The Plymouth skyline is changing, and so is the city’s energy future, thanks to a partnership between its council and two community benefit societies.
Plymouth City Council joined forces with local residents to form Plymouth Energy Community (PEC) in 2013. Immediately PEC set up a second bencom, PEC Renewables, to fund and manage renewable energy installations. As these bencoms advance, so does the spread of solar panels on the city’s rooftops.
PEC Renewables launched its first share offer in February 2014. It closed after seven weeks, oversubscribed at £602,000, with 144 investor members, around half of them local. This enabled it to install free solar photovoltaics on 18 schools and three community buildings between May and November 2014.
The installations, which collectively represent 0.78 megawatts, are now generating half-price electricity for their community building hosts. Surplus electricity is sold to the grid. The bencom also receives income in the form of a government subsidy, via the Feed-in Tariff.
“We were blown away by the support,” says Alistair Macpherson, chief executive of PEC. “We took that project from conception to generation in only nine months.” He says this speed is in part thanks to the council’s support through loan finance, staffing services and agreeing to host the installations on its buildings.
Building on this partnership, PEC Renewables launched its second community share offer this February, this time with a £950,000 target. It will fund more free solar photovoltaics, and bring the bencom’s community fund to more than £1.2m.
Plymouth’s largest solar roof will be installed on Plymouth Life Centre, a diving centre and one of the busiest leisure centres in the country, and there will be solar panels on four more schools, bringing the total to 1.3MW.
PEC Renewables is forecasting a return of up to 6% for members, which rises to 10.5% including tax relief. The offer, which closes on 5 May, has already raised £510,000.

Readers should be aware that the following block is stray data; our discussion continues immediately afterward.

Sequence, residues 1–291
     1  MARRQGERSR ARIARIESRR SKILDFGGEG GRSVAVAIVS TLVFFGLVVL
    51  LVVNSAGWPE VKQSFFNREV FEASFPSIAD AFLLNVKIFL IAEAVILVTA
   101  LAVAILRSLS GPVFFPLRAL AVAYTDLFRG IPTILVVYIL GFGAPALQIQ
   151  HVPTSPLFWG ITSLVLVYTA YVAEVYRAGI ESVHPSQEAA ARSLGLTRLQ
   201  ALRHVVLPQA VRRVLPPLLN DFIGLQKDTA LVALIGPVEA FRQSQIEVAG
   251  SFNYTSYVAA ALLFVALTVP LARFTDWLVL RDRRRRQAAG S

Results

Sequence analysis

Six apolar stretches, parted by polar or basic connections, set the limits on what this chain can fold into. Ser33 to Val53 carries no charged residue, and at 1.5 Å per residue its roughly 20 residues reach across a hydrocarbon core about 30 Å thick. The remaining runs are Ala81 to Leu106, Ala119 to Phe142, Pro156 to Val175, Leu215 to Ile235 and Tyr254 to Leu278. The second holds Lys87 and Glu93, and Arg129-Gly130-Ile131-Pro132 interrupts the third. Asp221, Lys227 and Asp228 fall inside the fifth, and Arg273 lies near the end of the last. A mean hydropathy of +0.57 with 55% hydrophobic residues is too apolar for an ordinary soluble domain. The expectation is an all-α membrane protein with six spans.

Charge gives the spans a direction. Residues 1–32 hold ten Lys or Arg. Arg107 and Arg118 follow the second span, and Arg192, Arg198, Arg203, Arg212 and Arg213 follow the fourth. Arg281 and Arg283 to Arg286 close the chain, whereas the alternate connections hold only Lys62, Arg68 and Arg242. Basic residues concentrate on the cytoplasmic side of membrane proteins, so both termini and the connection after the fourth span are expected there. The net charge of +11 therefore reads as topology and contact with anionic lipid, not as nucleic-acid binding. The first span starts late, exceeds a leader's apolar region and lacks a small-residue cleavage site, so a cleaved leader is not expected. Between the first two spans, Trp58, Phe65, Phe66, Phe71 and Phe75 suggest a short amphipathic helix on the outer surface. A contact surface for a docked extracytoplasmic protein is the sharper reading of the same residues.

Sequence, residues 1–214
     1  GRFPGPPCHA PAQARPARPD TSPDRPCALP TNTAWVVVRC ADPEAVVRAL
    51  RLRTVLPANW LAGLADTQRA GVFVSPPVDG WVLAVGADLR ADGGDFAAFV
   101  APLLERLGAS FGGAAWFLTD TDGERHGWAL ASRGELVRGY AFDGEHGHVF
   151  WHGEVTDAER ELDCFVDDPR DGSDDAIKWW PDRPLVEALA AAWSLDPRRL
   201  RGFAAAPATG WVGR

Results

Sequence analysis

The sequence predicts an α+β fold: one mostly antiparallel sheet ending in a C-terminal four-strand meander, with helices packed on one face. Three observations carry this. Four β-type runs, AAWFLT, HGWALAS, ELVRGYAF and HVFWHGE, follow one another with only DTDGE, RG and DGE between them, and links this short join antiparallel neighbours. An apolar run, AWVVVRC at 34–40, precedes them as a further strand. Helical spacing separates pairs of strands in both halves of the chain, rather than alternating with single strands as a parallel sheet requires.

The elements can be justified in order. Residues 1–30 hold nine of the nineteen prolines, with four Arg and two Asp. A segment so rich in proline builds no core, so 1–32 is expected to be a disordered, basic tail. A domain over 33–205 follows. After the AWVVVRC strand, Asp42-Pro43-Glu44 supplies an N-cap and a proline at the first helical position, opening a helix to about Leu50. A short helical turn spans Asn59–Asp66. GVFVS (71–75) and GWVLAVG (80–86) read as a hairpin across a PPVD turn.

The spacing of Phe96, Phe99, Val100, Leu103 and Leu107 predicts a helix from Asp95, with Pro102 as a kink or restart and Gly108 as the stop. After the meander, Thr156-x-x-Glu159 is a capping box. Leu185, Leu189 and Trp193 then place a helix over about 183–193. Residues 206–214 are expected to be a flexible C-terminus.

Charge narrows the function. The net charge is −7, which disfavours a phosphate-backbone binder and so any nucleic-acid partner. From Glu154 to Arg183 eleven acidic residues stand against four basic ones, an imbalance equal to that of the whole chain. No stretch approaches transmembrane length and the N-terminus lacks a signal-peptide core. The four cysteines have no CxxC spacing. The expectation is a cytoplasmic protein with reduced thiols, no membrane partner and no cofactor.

PEC Renewables’ community fund is being used to tackle the challenges of rising energy costs, fuel poverty and climate change. Projects include PEC’s fuel debt advice service, which has helped local residents clear £55,000 of energy bill arrears in the last 10 months, and its energy team, which trains volunteers to provide free home energy advice to at-risk households.
Plymouth has 11,500 households in fuel poverty, 10% of its population, and like many UK cities has energy-inefficient housing stock. Plymouth City Council, a co-operative council, has set out in its corporate plan to reduce emissions from the council estate by 20% by 2015 and to reduce citywide emissions by 30% by 2020.
In 2012 it established a Low Carbon City Team, which helped identify Plymouth’s potential for community energy solutions and forge the partnerships behind PEC. The council funded all pre-development, initial community engagement and business plan development for PEC and in 2013 supported a group of like-minded citizens to set it up.
It provided £69,000 in grant funding and a £60,000 loan, and passed organisational control to the PEC board.
Both bencoms have volunteer boards of directors; PEC currently has nine directors and PEC Renewables has five. The council has since made two £500,000 loans available, one for each share offer.
A shared services arrangement allows PEC to buy expertise from the council rather than employing staff directly. The equivalent of five and half full-time council staff manage the day-to-day running of the bencoms, with support from council services including the Low Carbon City team, estates, business, apprenticeships and legal.
PEC aims to bring together like-minded people, who want help to transform energy for the benefit of the community. Its mission is to give the people of Plymouth the power to transform how they buy, use and generate power.